I honestly feel like the relationship between humor and violence (in relation to the mosque shooting) is almost as backwards as the relationship between video games and violence (for example, the aftermath Columbine and other shootings). Perhaps it’s a matter of people watching what they say, but what progress does that allow us?
Blaming humor for violent acts made by others is liking pointing a finger. The people mentioned in the shooter’s manifesto are now being attacked and blamed for the act. It’s a witch hunt. I am sure there are people mentioned in the manifesto and/or live stream who believe the act in New Zealand was a terrible thing (PewDiePie), and some who intentionally incited violence (Dylan Roof). When we read the list of names mentioned in the manifesto, we are only fueling the fire. When we call these people out and push people to dislike them just because a lunatic (who actually KILLED people) mentioned their name, progress has ceased. Are we so animalistic that we pounce on something just because it makes a weird noise?
It seems impossible to attack an opponent who uses humor, but what can we do aside from bring attention to it or ignore it? If we use digital writing to address this type of humor, we will only appeal to the people who generally agree with us. The trolls will keep trolling.
There can be a gray area between laughing with others and laughing at others, so it’s important to be able to spot the difference. Negative humor is insensitive, can break down confidence, is offensive, puts people against one another, reinforces stereotypes and is just plain ol’ rude. Positive humor, though, still exists, as there is humor that is based on empathy, building confidence, is inclusive, brings people closer and is actually funny.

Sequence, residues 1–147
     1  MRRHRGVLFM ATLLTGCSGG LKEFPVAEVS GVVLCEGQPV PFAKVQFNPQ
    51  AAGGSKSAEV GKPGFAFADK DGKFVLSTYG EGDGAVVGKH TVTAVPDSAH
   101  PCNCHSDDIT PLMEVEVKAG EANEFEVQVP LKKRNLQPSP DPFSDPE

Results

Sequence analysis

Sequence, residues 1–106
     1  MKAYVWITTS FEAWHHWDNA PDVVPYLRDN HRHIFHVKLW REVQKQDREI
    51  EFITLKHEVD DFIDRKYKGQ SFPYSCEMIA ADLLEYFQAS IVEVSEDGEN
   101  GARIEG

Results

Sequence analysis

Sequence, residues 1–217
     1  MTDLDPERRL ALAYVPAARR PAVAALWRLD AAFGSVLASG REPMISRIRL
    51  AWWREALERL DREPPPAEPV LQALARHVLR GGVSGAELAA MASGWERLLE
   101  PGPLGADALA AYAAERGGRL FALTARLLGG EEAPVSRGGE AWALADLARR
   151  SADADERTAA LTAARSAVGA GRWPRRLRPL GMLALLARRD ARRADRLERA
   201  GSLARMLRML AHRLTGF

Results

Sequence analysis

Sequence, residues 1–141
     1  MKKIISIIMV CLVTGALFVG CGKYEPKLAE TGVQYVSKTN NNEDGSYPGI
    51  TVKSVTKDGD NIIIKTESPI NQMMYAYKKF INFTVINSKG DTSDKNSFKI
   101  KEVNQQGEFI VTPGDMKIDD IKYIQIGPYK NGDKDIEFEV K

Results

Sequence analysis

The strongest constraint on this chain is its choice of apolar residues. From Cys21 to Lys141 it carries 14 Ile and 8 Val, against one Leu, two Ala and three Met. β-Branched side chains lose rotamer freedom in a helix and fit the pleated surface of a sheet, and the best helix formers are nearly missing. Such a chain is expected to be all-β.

A popular TV entity, which I believe is a conduit for both positive and negative humor, is the infamous Saturday Night Live.
A couple of weeks after 9/11, SNL invited the mayor of NYC, firefighters and police officers to join the stage for the opening monologue. After a time of American grief, “comedians were at a loss.” The mayor maintained that it was important for institutions like SNL to continue on. Lorne Michaels asked, “Can we be funny?” The mayor responded, “Why start now?”
Through this statement, the Mayor Giuliani supported laughter as a remedy to the tragedy and heartbreak that surrounds us.
SNL, though, is also known for their not-so-funny skits. For example, their ISIS skit with Dakota Johnson, which the internet did not find funny…at all. People were quick to point out that making a joke out of a group that actually slaughters people was in poor taste and inconsiderate to the families of the victims. And, of course, SNL did not respond to the backlash.
Jeet Heer does not do much when bringing thoughtful ideas to the table that can actually be used to combat the type of “jokiness” he describes. With a pack mentality, it can be hard to knock the jokesters off their pedestal by ignoring them, when several other people will be laughing along with them.
This may or may not sound like a bad idea, but I think one of the best ways to make a joke die down quickly is by asking the jokester to explain the joke. The person making the joke might make a jab at you and say that you’re stupid for asking, but then that just makes them look like an asshole and someone who doesn’t understand the meaning behind their own words. If they do end up explaining the “joke,” it turns up dead due to over-analyzation. Then, it’s just not funny anymore. It also makes the person making the joke to realize what they are saying.
I suggest we try addressing the jokes as tasteless, but we shouldn’t get caught up in fighting fire with fire.